NEW DELHI: The relation between the Centre and states is not that of ‘giver and taker’ and the GST Council will have to work out a mid way solution for making good the GST collection shortfall keeping in mind the central government too is bearing huge revenue loss due to COVID-19, Bihar Deputy Chief Minister Sushil Modi has said.
Non-BJP ruled states like Punjab, Kerala, Delhi and West Bengal are at loggerheads with the Centre over the financing of the Rs 2.35 lakh crore Goods and Services Tax (GST) shortfall in the current fiscal.
Of this, about Rs 97,000 crore is on account of GST implementation and rest Rs 1.38 lakh crore is the impact of COVID-19 on states’ revenues.
The Centre has given two options to the states to borrow either from a special window facilitated by the RBI or from market and has also proposed extending the compensation cess levied on luxury, demerit and sin goods beyond 2022.
Talking to PTI, Modi said both the central government and states are stakeholders in GST and instead of playing a ‘blame game’, states should also consider that apart from the pandemic, the Centre is also facing challenges on the defence side which needs higher spending.
“It is not that only states’ revenues have been affected, central government’s revenue too is constrained and a huge borrowing by the Centre would have macro-economic impact.
“The relation between the Centre and states is not that of ‘giver and taker’, we have to keep the spirit of cooperative federalism in mind and work out a mid way (solution),” said Modi, who also holds the finance portfolio in the coalition government of BJP, JD(U) and LJP in Bihar.
The Centre has circulated two options to the states. This include borrowing of Rs 97,000 crore shortfall, which will be repaid by extending the cess beyond 2022.
States would get the loan at an interest rate based on prevailing government securities (G-Sec) rate and the interest and the debt will not get reflected in their fiscal deficit and balance sheet.
Under the second option, states can borrow the entire Rs 2.35 lakh crore from market and hence the interest would be higher. While the states will have to bear the interest burden in full, for repayment of principal only Rs 97,000 crore would be repaid from the cess collection beginning 2022-23 fiscal.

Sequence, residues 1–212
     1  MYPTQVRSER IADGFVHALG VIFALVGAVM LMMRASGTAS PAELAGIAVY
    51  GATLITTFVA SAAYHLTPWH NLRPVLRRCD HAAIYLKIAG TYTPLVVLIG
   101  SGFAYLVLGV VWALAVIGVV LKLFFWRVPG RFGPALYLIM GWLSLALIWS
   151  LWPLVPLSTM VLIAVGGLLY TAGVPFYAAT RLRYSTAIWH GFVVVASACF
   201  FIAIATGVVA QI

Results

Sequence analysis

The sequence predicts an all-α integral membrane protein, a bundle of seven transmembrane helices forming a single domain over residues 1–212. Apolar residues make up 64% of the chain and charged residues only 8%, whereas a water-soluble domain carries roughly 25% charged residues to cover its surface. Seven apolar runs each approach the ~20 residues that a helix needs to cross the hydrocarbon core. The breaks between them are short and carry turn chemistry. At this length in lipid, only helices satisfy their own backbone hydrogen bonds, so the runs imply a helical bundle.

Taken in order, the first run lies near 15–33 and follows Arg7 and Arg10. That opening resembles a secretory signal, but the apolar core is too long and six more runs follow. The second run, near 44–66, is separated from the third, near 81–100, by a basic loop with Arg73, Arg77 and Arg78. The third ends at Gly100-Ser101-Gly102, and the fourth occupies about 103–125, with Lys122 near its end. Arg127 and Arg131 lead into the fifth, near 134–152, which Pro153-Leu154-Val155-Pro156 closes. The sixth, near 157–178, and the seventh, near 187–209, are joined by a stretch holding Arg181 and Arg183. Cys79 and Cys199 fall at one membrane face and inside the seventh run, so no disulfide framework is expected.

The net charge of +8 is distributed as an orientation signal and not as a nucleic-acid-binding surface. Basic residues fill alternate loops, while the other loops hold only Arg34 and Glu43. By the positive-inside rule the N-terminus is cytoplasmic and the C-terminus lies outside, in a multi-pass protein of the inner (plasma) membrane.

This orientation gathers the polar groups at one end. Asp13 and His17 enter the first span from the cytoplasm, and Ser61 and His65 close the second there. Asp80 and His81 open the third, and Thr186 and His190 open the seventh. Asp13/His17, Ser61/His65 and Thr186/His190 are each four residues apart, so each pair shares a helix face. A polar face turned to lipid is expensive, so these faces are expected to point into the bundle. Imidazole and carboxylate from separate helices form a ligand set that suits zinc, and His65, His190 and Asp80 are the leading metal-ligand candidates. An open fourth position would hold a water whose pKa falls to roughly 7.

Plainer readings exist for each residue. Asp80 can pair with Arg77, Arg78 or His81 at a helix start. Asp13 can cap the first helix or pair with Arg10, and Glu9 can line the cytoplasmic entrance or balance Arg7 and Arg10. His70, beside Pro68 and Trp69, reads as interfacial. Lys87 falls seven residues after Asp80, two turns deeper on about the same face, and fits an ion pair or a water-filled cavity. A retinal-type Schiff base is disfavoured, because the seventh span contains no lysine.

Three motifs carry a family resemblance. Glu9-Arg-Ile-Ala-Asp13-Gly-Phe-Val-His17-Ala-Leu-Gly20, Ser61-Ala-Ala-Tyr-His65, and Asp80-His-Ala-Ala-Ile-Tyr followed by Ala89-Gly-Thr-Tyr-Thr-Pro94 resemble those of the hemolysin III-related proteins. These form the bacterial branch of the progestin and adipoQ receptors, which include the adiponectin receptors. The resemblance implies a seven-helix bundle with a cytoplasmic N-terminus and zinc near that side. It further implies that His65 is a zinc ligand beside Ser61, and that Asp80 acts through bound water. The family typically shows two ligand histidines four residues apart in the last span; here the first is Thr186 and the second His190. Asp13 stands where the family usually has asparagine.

Asked which option would be better for Bihar, Modi said prima facie the first option of borrowing Rs 97,000 crore looks attractive, but the state would study in detail and then make a final decision.
He said in this option while states can borrow the remaining Rs 1.38 lakh crore to meet their immediate needs, and the principal amount would be repaid later from cess collection.
Explaining the option further, Modi said the compensation cess will be continued after the transition period until such time as all arrears of compensation for the transition period are paid to the states.
During April-July of current fiscal, the total compensation requirement of states stand at Rs 1.50 lakh crore. Total GST collection during April-July was Rs 2,72,642 crore, which is 65 per cent of what was collected in same period last year.
The payment of GST compensation to states became an issue after revenues from the imposition of cess started dwindling since August 2019. The Centre had to dive into the excess cess amount collected during 2017-18 and 2018-19.
The Centre had released over Rs 1.65 lakh crore in 2019-20 as GST compensation. However, the amount of cess collected during 2019-20 was Rs 95,444 crore.
The balance Rs 69,556 crore was paid from the excess cess collected in 2017-18 and 2018-19.
The compensation payout amount was Rs 69,275 crore in 2018-19 and Rs 41,146 crore in 2017-18.